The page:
A united system of knowledge is the surest means of identifying the still unexplored domains of reality. It provides a clear map of what is known, and it frames the most productive questions for future inquiry. Historians of science often observe that asking the right question is more important than producing the right answer. The right answer to a trivial question is also trivial, but the right question, even when insoluble in exact form, is a guide to major discovery.

A trans-disciplinary theory of global studies

What are we to conclude from all this? We should not pretend that the unity of all knowledge is upon us, or about to come – a whole new take on ‘believing through faith’.  Nor should we aspire to a spontaneous ‘theory of everything’ in global studies, at least in the foreseeable future.  But we can, and undoubtedly we should, be working actively and creatively for a theory of global studies that presumes, and answers to, the emerging global community – with all its stresses and failings.

Such a ‘theory of global community’ should, to the extent our current knowledge and passing insight enables us to do so, draw equally from all disciplines, without pretension but without hesitation, thereby crafting a belief system that loosely unites humanity in a 21st c. framework, transforming its 20th century predecessor.

Part II will explore how global studies might be a synthesiser of existing knowledge, based on certain components, and asking the right questions.

Dr Graham is Director of the NZ Centre for Global Studies

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Climate Challenge 2020:

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I was recently invited to talk to a consultancy firm about my take on the climate challenge facing both our world and our country, now that New Zealand’s Zero Carbon Act is in force, and as the UN’s latest COP writhes in interminable stalemate – 25th version.

I was given various questions to address. These were my reflections.

  1. Should we be optimistic or pessimistic about the international community’s ability to take collective action to ‘bend the curve’ on greenhouse gas emissions?

Mid-way between the two – a ‘defiant determination’ to change course, fast.  No option.

We need to be rational and proactive. This requires accurate recognition of the following.

  • The ‘problem’ was formally identified in the IPCC’s AR-1 of 1990, when global emissions had reached 34 Gt CO2-e, up from 1 Gt in 1750. Some 30 years after identifying the problem, emissions are at 55 Gt.
  • The goal, from the 1992 Framework Convention, is to prevent ‘dangerous’ climate change, defined as a 2°C rise in post-industrial temperature. Current targets (2015 Paris NDCs) will result in a 3.2°C rise – authoritatively described as ‘catastrophic’.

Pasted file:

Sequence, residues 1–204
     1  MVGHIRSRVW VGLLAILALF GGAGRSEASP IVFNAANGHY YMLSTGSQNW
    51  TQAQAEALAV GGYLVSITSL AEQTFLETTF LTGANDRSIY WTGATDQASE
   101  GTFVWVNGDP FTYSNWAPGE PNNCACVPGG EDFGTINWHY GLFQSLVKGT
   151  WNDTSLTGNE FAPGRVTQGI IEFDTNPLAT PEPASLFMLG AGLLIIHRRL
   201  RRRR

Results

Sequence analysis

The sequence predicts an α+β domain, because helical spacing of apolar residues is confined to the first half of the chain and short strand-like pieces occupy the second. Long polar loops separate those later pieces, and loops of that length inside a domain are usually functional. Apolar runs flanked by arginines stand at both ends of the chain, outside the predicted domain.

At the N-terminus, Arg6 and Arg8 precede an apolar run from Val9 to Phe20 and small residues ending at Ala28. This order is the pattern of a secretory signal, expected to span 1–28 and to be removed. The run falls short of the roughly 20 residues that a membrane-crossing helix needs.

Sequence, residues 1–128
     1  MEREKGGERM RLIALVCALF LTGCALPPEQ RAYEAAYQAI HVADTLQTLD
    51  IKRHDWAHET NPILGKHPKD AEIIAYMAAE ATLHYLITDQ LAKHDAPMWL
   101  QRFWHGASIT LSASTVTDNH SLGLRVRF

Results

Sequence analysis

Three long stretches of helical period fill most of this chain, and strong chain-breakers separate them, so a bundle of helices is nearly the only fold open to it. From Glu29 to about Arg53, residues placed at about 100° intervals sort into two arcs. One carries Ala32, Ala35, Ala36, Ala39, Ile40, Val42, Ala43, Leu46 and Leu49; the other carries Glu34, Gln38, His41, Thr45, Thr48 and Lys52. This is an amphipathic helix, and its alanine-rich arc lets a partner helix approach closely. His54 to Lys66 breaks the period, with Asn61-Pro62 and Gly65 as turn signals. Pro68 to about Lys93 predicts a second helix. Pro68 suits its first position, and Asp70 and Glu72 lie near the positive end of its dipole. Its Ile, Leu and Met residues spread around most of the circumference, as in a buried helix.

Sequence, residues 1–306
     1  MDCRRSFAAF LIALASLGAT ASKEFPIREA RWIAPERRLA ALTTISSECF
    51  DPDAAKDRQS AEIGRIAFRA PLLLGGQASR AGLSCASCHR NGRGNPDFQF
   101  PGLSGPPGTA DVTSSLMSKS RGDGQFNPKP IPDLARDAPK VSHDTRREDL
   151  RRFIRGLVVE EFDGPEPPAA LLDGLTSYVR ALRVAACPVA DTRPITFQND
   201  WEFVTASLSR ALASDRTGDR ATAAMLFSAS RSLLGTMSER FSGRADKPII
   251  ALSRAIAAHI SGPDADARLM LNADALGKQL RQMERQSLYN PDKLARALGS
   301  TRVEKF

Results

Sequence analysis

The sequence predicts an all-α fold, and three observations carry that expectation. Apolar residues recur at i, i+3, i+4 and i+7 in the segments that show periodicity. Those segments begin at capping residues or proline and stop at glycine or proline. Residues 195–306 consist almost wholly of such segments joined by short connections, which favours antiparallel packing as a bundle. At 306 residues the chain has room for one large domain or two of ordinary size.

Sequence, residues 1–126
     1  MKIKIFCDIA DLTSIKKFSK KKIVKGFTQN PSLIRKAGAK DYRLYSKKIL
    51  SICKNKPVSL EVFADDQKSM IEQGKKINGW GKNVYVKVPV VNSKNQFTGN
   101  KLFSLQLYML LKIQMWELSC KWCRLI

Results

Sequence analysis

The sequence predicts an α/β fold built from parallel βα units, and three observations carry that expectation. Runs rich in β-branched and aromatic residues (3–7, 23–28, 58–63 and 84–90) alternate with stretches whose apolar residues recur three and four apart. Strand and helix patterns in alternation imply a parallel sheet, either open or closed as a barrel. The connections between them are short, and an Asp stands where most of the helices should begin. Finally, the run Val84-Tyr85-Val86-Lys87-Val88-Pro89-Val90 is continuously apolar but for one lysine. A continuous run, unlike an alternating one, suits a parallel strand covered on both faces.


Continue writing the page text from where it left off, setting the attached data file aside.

• The ‘raised ambition’ in the collective NDCs for 2030 emissions (expected in a 2020 review) is a three-fold increase in targets for 2°C, resulting in 25% reduction in global emissions. For 1.5°C, it is a five-fold increase – for 55% reduction.

To quote the UN Secretary-General:

“The best science, according to IPCC, tells us that any temperature rise above 1.5°C will lead to major & irreversible damage to the ecosystems that support us.  Science tells us that, on our current path, we face at least 3°C. The climate emergency is a race we are losing, but it is a race we can win.”

As Time’s Person of the Year has pointed out, we have no-one to blame but ourselves.

When I began working on climate change, in New York in 1989, we already knew that it was going to become perhaps the world’s greatest single problem.  In 1990 I convened in Italy what appears to have been the first international parliamentarian workshop on climate change.  The Bellagio Communique called for a 50% reduction in global CO2-e from1988 to 2010 (comprised of 20% cuts in fossil fuel emissions, 50% reduction in deforestation, 10% in methane, and 100% in CFCs).

Strangely, this did not occur.

Thirty years later, as New Zealand’s PM has pointed out, climate change has become a ‘wicked problem’, the defining moment of her generation.

I suggest it’s the defining moment for the human species, after 100,000 years.

The underlying issue is whether a 21st c. global problem can be solved through 20th c. international principles and procedures with 200 ‘sovereign’ states negotiating through consensus, or whether it needs a smaller body with legitimate powers of planning and enforcement.  Climate change has been on the UN Security Council agenda since 2007, but the Council has effectively done nothing, beyond describing it as a ‘risk multiplier’.

A more intelligent and ambitious approach, of course, would be the concept of Earth Trusteeship, acknowledging the sovereign responsibilities of States for environmental stewardship, as outlined by Klaus Bosselmann in his recent blog-post.  How to transition to such a conceptual foundation is a major issue, and Klaus has been engaged in this since the Rio Earth Summit (1992) and the Earth Charter (2000).